What to do if you have lost or found a dog

What to do if you’ve lost your dog 

By law, your dog should always wear a collar and tag with your name and address on when out in public. It will also be compulsory for all dogs to be microchipped by 2016. 

If your dog is wearing a tag and is microchipped, this will hugely increase your chances of being reunited with them if they go missing.

If your dog has gone missing, here are some things you can do: 

  • Call the microchip database they are registered with and report them as lost or stolen. Make sure your contact details are always up to date.
  • Contact your local authority dog warden, via your local council – they are legally responsible for stray dogs and may well have picked up your pet. They will hold on to stray dogs for seven days but, after this time, dogs will be rehomed or put to sleep if no home can be found for them. 
  • Contact neighbouring local authorities too as dogs may move across local council borders 
  • Call local kennels/charities – it’s possible someone has found the dog and taken them to a local rehoming centre or kennels
  • Contact local vet surgeries or animal hospitals – if your dog has been injured, they may have been taken there for treatment
  • Check online lost and found websites and notice boards in your local area. Register your dog on DogLost, a free national database which is run by volunteers who will help you to search for your dog.  
  • If you think your dog has been stolen, call the police 
  • Put up notices in your local area with an up to date photo of your dog 
  • Visit places where other dog walkers go and ask them to keep an eye out for your dog

What to do if you’ve found a dog 

If you’ve found a stray dog, check to see if they’re wearing a tag with the owner’s details on. If they are, and you’re happy to do this, contact the owner and arrange to give them back the dog.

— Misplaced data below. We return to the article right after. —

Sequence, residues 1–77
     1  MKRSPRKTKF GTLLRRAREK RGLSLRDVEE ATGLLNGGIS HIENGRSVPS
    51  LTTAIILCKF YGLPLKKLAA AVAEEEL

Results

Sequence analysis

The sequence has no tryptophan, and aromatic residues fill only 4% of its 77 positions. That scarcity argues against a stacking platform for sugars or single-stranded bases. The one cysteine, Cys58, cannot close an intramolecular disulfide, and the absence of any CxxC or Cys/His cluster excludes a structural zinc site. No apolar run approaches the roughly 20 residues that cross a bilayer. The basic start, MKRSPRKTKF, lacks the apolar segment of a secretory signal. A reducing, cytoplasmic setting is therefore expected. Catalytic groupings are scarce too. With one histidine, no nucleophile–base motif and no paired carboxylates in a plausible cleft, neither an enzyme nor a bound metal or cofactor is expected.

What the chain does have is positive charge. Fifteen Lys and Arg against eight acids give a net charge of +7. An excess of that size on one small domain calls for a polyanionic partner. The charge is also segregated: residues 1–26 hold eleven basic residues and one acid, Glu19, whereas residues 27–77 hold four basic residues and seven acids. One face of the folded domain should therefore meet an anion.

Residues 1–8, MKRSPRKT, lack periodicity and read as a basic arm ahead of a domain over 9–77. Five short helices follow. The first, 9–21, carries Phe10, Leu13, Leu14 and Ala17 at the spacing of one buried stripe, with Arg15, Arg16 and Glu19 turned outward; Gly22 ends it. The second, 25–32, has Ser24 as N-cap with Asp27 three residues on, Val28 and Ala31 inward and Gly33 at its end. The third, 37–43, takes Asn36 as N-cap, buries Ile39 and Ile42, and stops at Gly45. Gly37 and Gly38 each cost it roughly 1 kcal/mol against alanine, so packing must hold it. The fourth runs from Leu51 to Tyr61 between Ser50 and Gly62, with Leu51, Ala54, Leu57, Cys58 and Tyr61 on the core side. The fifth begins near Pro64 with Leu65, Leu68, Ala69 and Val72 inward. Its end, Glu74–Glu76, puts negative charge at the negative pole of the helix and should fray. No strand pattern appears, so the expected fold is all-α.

Otherwise contact your local authority dog warden via your local council. They are legally responsible for stray dogs and will come and collect the dog from you and take them to a holding kennels while they wait to see if their owner will claim them. 

Register the dog as “found” on DogLost, which is a national online lost and found website. 

Although it might be tempting to keep the dog, you’re legally required to let the local authority know about any stray dogs and, if you don’t, you could be accused of theft. 

There may be a loving owner out there who is desperately searching for their missing dog and, if the dog is microchipped, it could be really easy to reunite them. 

It’s very easy to get attached to a dog the longer you keep them, so please do let someone know as soon as possible. 

If you do want to keep the dog, let the local authority know and they may be able to arrange for you to rehome them if no one claims them. 

What happens when dogs are found as strays? 

More than 100,000 dogs are picked up as strays by local authorities every year. They are usually taken to the local pound or, if the council doesn’t have one, private holding kennels where they stay for seven days while the authorities wait to see if their owner will come and reclaim them. 

Dog or animal wardens are legally responsible for stray dogs and must, by law, hold on to them for seven days before they can rehome them. 

If the dog is poorly, they will get veterinary help for the dog, but they are still legally responsible during this time. 

If a dog isn’t claimed after seven days, the authorities have to decide whether to put them to sleep. 

During the waiting period, council dog wardens may send a list of unclaimed stray dogs to charities across the UK and we take as many as we possibly can. 

But charities have a limited number of spaces and don’t have room for the thousands of dogs that are found stray and abandoned by their owners. Sadly, if no home can be found for these dogs, they are put to sleep.

Preventing dog theft 

There are lots of things you can do to help prevent your dog from being stolen. Read our leaflet on protecting your dog from theft to find out more.

— Page last updated 23/09/2016